Obedience matters to God.  In scripture, there are 299 references to the word obey, obedience and obedient – which also includes the references to DISobey, DISobedience and DISobedient.  Time and again the people promise to do what God says.  One of the first references comes from Exodus 24:7:  All the Lord has spoken [after the giving of the Ten Commandments] we will do, and we will be obedient.   We know how THAT worked out.  The role of the judges and the prophets was to call the people back to obedience – and we know how THAT worked out as well.  So in the fullness of time the Word became incarnate, became flesh – for US and for OUR salvation.  Yet, when even the wind and the seas obeyed Jesus, as told in Matthew 8:27, Mark 4:14, and Luke 8:25, when even evil spirits obeyed Jesus and came out, as told in Mark 1:27, we are shocked.  The wind, the rain, evil spirits – they obey Jesus.  What about us?

Obedience is hard.  Obedience means we have to sacrifice OUR way of being, doing, following, leading to instead follow Jesus’ way of being, doing, following.  We have to be willing to accept grace.  Naaman did that.  He accepted grace, and because of Elisha’s generous response, because Elisha refused to accept any kind of payment for the healing Naaman had received, Naaman learned another valuable response – go, and do likewise – extend grace, and the message of God’s grace, to others.  That public act of ongoing worship Naaman proposed was part of that – a testimony of God’s ongoing grace, a grace that was not bought by wealth and precious clothes and jewerly, but a grace that was freely given to all who would set aside their expectations and be obedient.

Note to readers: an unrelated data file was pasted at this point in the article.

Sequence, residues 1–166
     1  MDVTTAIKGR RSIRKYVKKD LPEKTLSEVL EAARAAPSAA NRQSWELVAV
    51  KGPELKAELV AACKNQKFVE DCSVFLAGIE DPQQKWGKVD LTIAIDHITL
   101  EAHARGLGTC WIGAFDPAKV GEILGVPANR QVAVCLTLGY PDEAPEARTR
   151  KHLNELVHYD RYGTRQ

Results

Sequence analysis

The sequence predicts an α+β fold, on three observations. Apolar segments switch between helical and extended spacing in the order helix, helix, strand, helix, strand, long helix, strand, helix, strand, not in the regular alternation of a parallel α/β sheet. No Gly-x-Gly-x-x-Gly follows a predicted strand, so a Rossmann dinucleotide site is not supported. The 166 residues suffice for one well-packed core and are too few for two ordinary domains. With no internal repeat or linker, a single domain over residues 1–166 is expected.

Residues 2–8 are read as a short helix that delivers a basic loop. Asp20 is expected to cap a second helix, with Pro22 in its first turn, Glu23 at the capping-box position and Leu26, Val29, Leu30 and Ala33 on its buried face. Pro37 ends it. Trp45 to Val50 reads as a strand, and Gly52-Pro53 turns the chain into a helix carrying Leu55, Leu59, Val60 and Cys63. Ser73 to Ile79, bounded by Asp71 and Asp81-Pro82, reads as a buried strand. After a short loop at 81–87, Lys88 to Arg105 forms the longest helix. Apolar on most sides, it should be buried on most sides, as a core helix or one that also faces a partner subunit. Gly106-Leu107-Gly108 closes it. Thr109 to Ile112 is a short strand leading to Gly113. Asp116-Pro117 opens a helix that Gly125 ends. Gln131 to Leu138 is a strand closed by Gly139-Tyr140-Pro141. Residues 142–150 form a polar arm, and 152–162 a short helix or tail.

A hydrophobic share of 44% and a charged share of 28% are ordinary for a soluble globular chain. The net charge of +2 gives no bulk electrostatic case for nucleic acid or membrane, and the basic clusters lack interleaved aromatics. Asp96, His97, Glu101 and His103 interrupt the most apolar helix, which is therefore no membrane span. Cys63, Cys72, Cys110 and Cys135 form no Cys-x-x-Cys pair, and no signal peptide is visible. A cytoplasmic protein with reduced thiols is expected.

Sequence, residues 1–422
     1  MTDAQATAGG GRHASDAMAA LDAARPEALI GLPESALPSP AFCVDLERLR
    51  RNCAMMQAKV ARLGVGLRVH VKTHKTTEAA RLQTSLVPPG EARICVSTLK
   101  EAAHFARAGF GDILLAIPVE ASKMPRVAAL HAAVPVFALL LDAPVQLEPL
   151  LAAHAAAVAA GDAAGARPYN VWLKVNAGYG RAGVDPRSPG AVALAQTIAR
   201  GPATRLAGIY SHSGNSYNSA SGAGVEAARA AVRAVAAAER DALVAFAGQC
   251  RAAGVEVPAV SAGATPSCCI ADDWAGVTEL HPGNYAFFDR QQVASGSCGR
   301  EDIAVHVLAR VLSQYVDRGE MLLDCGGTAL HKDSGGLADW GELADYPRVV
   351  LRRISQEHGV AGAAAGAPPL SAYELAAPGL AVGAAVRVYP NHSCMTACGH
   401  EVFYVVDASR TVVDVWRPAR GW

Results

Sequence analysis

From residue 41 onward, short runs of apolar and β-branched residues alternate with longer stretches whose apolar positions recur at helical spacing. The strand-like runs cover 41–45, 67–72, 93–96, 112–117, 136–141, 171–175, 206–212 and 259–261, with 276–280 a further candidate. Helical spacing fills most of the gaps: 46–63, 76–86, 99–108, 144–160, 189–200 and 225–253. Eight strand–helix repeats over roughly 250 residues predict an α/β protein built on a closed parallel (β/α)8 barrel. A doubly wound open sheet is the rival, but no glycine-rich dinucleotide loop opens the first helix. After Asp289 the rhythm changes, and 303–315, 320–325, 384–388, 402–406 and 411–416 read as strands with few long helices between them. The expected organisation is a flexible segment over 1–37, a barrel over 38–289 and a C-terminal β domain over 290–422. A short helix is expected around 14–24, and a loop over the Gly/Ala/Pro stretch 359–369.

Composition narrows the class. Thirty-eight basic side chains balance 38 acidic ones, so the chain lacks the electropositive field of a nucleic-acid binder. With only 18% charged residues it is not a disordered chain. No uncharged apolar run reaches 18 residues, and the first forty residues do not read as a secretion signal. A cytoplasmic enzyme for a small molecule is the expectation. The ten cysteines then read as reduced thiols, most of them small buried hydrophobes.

Obedience is hard, because our obedience is often framed with expectations: if you do this for me, I’ll do that for you.  God doesn’t work like that.  This old poem, “I Asked GOD,” attributed to an unknown soldier, shows us the fallacy of expecting tit-for-tat from God:

I asked for strength, that I might achieve;
I was made weak, that I might learn humbly to obey... 
I asked for health, that I might do greater things; 
I was given infirmity, that I might do better things…
I asked for riches, that I might be 
I was given poverty, that I might be wise;
I asked for power, that I might have the praise of men;
I was given weakness, that I might feel the need of God... 
I asked for all things, that I might enjoy life;
I was given life, that I might enjoy all things…
I got nothing that I asked for- but everything I had hoped for; 
Almost despite myself, My unspoken prayers were answered.
I am among all men most richly blessed. 

May we too learn humbly to obey, continuing to do the things Jesus reminded us to do in Matthew 25: feeding the hungry, giving water to the thirsty, welcoming strangers, clothing the naked, caring for the sick, visiting those in prison – both jails and the psychological prisons that restrain people.  May we be as obedient as Naaman, until Jesus returns in glory.  And even so, come soon, Lord Jesus!  Amen.

© Readington Reformed Church  2015